Form Your Price Transparency Committee Now and Get Executive Buy-In

Now that the public comment window has closed on the 2020 OPPS proposed rule, we’re less than a month away to seeing the rule finalized, due out on November 2, 2019.

Moving forward with becoming price transparent as an organization is in your hospital’s best interest, and to your competitive advantage. A key component to getting started down the path of price transparency is to form a committee with physician leadership, revenue cycle leadership, managed care and analytical personnel.

Identify your team, at the highest level, and keep it simple. Too many members will prevent progress. Consider using the American Hospital Association’s Principles for Price Transparency to organize your task force, and posture your information in a way that is easy to access and understand for the patient. You’ll want this to be a working committee, and treat it like a project with weekly meetings and deadlines until the November 2 rule is published. Once we see what the actual requirements are on November 2, you can adjust your timelines accordingly.

As we keep our eyes on what is being crafted at the federal level, we can’t lose sight of what could be brewing at the state level here in Georgia regarding price transparency.

Georgia’s Lieutenant Governor has formed a task force that meets three times before the next legislative session so we could be seeing new legislation at the state level in 2020 as well.

Think of about five people in your organization who should be on your Price Transparency Committee:


The first thing the chairperson should be doing is to level set. They should go through the executive order, the proposed rule for 2020 and really help the group define what price transparency means to their organization.

After defining what price transparency is, the most immediate thing they should be looking at is the requirement right now which is proposing that you put 300 machine-readable shoppable services on your website. 70 of those are pre-selected by CMS, so you’ll need to look at those 70 services listed, and determine whether you provide those.

Chargemaster Analyst

The chargemaster analyst needs to be the person on your Price Transparency Committee looking at prices across the organization as it’s not unusual for the same procedure done in different departments within the same hospital to cost something different. It would be pretty bad if one of your shoppable services cost something different in multiple places within your hospital.

Business Analyst

You’ll want someone on your committee with a business analytics background. Since you won’t just be reporting prices of procedures, you’ll also have to provide what comes with those specific procedures. If you’re listing a colonoscopy, for example, you’ll also need to list out what else is being done to a patient as part of the colonoscopy. You’ll have to do some analytics to provide a holistic picture of what that procedure looks like.

Your financial analyst will really need to look back at historical data to see what was grouped together with a named shoppable service. You’ll need time for this type of analysis.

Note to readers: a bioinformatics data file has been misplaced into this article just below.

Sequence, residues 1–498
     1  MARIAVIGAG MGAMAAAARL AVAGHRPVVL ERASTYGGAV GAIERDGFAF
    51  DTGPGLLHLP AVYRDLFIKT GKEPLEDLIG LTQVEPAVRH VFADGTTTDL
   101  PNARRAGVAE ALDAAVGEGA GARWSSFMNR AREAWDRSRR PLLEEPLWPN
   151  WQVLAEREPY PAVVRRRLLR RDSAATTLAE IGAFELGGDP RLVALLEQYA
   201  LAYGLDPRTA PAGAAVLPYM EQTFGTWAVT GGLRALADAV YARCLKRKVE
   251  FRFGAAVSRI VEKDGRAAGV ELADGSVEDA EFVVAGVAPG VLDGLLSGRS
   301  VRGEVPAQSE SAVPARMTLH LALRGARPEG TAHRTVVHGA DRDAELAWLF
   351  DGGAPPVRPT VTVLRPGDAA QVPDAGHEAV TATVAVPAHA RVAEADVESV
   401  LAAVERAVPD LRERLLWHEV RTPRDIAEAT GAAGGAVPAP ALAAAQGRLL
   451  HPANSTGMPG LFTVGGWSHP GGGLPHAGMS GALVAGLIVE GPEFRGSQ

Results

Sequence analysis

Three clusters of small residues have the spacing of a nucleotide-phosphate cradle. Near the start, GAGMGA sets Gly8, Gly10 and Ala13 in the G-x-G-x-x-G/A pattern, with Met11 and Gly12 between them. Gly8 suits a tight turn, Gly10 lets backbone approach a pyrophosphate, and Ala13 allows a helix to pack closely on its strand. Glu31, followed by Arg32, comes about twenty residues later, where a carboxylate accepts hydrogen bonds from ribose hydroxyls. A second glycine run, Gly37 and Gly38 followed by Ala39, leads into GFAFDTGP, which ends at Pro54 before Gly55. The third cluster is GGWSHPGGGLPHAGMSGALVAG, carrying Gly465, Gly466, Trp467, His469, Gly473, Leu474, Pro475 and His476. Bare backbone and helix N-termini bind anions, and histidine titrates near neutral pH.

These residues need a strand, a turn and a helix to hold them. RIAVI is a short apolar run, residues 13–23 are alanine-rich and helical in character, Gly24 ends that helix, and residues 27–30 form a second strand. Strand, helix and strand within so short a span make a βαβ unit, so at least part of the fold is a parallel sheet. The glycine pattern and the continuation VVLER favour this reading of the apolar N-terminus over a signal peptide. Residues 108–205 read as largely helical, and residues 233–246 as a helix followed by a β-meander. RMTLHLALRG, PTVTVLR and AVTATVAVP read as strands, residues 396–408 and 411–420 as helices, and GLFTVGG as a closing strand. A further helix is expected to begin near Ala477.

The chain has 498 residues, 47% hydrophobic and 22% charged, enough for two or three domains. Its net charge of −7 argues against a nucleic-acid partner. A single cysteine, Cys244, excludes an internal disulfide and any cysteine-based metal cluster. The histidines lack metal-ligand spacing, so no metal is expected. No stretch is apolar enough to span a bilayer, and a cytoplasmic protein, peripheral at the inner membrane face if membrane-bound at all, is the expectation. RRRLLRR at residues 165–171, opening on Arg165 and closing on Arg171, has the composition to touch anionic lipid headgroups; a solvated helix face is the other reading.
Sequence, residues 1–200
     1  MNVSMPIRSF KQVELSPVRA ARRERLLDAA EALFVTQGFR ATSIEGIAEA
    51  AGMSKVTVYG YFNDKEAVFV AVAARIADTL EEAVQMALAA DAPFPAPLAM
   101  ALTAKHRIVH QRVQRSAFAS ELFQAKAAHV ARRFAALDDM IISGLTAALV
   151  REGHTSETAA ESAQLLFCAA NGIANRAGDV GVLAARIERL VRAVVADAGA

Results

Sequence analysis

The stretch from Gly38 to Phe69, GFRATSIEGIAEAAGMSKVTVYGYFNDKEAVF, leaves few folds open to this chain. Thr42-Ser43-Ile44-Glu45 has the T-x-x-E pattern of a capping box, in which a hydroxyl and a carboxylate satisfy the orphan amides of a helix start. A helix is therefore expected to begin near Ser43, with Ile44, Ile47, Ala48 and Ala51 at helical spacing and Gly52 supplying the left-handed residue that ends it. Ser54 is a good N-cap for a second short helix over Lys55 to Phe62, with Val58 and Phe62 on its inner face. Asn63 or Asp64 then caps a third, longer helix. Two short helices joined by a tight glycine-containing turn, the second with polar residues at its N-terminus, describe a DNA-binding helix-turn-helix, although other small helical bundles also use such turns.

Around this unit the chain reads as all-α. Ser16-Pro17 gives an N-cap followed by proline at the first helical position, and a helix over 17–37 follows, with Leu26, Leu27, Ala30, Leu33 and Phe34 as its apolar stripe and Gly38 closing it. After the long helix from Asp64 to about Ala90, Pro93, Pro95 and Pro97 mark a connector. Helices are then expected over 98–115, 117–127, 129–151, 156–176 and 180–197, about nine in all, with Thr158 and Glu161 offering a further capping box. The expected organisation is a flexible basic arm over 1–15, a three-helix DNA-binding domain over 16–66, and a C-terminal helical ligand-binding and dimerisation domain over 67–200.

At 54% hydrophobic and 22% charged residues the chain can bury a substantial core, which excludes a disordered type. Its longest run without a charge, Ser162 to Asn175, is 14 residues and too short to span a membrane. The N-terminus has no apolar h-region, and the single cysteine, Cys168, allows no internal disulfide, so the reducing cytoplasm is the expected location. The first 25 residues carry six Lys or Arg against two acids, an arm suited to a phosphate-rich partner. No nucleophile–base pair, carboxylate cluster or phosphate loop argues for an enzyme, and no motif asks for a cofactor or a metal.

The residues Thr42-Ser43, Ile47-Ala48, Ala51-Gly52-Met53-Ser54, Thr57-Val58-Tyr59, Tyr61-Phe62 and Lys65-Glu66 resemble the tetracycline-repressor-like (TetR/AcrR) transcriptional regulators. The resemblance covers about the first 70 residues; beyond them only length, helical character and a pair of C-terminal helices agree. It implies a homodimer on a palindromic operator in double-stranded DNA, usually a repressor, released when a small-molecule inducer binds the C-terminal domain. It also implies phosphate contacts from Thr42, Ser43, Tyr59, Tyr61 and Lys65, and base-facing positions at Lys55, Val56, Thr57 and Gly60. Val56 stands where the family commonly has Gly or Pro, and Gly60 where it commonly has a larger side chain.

Physician’s Champion

They’ll play a critical role in educating the clinical staff on what price transparency is.

Revenue Cycle

You’ll need someone from Revenue Cycle because they’re going to own all of those aspects that interact with the patient from giving a price quote, to financial counseling to helping to schedule.

Get the Executive Buy-In

You’ll need to clearly articulate how difficult it is to achieve price transparency and the complexities that come with that. You’ll really want them to understand what is, but also, that if done well, price transparency is a true competitive advantage for your hospital.

How do you achieve price transparency?

The ability to provide a patient with out-of-pocket costs prior to a procedure, and have them go through financial counseling is key in achieving price transparency. There’s not always a good understanding of what that looks like or the complexities of it at the executive level. Here are a few helpful tips to get the executive buy-in to help you move forward with attempting to achieve price transparency:

  • Step 1: Spend a lot of time providing education on what price transparency is for your board and for the C-suite. Don’t shortcut this step as they’ll need to understand the why and how before you can proceed.
  • Step 2: Identify those champions who do get it and those who believe that this is something that we have to do and will help you make price transparency a reality.

A True, Competitive Advantage

Some hospitals are already rolling out the ability to do estimates on their websites, are linking to scheduling procedures online, linking to financial counseling, and they view it as something that makes them different and easier to deal with.

If you’re able to clearly articulate the out-of-pocket cost of a procedure to a patient, they’re going to want to work with you over another hospital who provides confusing information, or none at all.

To discuss implementing price transparency further, contact Valerie Barckhoff,

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